Canada developed Bill C-61 to meet the terms of a settlement agreement and to try and address the many water issues affecting First Nations. In 2019, two First Nations filed class action lawsuits against Canada for its failure to provide access to safe and clean drinking water to First Nation communities across Canada. Canada agreed to settle these lawsuits in 2021 and, as part of this settlement, it committed to repeal and replace the Safe Drinking Water for First Nations Act, 2013. Notably, Canada promised it would co-develop Bill C-61 with First Nations under the guidance of Article 19 of the United Nations Declaration on the Rights of Indigenous Peoples, which requires states to consult and cooperate in good faith with Indigenous communities to gain their free, prior, and informed consent before implementing laws that may affect them. Canada started engaging with First Nations in late 2022 on the development of Bill C-61.
Bill C-31, the First Nations Clean Water Act
Overall, Bill C-61 provides First Nations with a strong foundation to assert control over their water resources and jurisdiction over water occurring on First Nations land. However, the legislation fails to expressly recognize a human right to drinking water or a guarantee for substantive equality for access to water services on and off First Nations lands. Critically, the legislation fails to include provisions for effective source water protection, which is necessary to ensure First Nations have enough clean water flowing onto their lands and territories to meet their needs.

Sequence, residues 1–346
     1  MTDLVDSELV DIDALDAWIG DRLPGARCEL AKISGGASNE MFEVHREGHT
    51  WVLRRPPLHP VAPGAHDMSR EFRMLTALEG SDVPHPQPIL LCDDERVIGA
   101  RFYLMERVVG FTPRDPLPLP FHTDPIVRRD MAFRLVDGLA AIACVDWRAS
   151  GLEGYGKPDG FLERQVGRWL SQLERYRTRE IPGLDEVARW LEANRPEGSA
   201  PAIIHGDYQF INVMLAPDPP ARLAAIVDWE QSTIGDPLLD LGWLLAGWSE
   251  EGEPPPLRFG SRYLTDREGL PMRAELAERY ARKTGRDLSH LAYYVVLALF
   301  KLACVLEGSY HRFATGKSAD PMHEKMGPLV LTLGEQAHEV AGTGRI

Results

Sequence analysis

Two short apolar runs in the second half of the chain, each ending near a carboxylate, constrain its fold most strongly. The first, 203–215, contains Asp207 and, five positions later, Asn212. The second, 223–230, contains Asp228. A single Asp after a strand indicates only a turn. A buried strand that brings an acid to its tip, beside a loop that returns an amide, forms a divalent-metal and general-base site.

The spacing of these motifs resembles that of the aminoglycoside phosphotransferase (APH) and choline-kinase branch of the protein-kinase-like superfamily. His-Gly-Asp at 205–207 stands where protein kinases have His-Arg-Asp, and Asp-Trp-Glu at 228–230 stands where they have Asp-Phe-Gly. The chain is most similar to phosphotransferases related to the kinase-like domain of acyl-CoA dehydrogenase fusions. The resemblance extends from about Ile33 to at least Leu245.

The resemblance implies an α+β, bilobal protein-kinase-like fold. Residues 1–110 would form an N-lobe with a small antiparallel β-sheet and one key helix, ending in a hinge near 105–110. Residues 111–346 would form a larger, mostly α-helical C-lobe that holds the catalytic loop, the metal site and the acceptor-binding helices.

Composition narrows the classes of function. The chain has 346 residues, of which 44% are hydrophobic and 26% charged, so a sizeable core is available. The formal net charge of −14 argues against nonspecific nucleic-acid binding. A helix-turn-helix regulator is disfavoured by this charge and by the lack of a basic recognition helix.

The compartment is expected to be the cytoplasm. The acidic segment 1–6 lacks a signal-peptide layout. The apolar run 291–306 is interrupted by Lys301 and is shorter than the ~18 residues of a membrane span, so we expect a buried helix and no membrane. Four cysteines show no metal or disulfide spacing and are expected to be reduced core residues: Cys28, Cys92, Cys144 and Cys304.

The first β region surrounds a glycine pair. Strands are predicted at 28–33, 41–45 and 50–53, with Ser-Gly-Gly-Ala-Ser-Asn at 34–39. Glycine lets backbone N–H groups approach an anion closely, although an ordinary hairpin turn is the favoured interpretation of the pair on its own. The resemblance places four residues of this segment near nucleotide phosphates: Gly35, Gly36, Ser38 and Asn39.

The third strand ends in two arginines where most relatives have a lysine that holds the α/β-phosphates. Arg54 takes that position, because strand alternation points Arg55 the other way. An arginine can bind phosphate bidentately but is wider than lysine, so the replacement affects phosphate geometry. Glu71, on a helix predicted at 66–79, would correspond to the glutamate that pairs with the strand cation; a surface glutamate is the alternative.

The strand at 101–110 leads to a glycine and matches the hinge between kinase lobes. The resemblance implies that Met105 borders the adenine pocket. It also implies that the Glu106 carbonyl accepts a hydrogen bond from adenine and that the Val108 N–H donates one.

Highlights of Bill C-61
Bill C-61 is a good starting point for First Nations to assert control over their water resources. Some highlights of the Bill include:
- Ownership of Water and Expanded Scope of First Nations Inherent Right of Self-Government over Water: Bill C-61 confirms that water “on, in and under” reserve land is part of reserve land, providing a strong barrier against provincial assertions of ownership. This is the first ever recognition in Canadian law that water is part of First Nation reserve lands. Section 6(1) of Bill C-61 recognizes that First Nations have the inherent right to self-government, recognized and affirmed by s. 35 of the Constitution Act, 1982, in relation to water, source water, drinking water, wastewater and related infrastructure on, in and under First Nations lands. The language of this section, which references s. 35 of the Constitution Act, 1982, means that First Nation’s right of self-government over water on reserve lands is a recognition of a constitutionally protected right, not just a statutory grant of authority. Further, the inclusion of “water” and “source water”, which was not present in consultation drafts of the legislation, means that First Nations can govern all aspects of water on reserve lands. This section, along with the clear statement that water is part of reserve lands, effectively means that provincial water laws will likely not apply to reserve lands.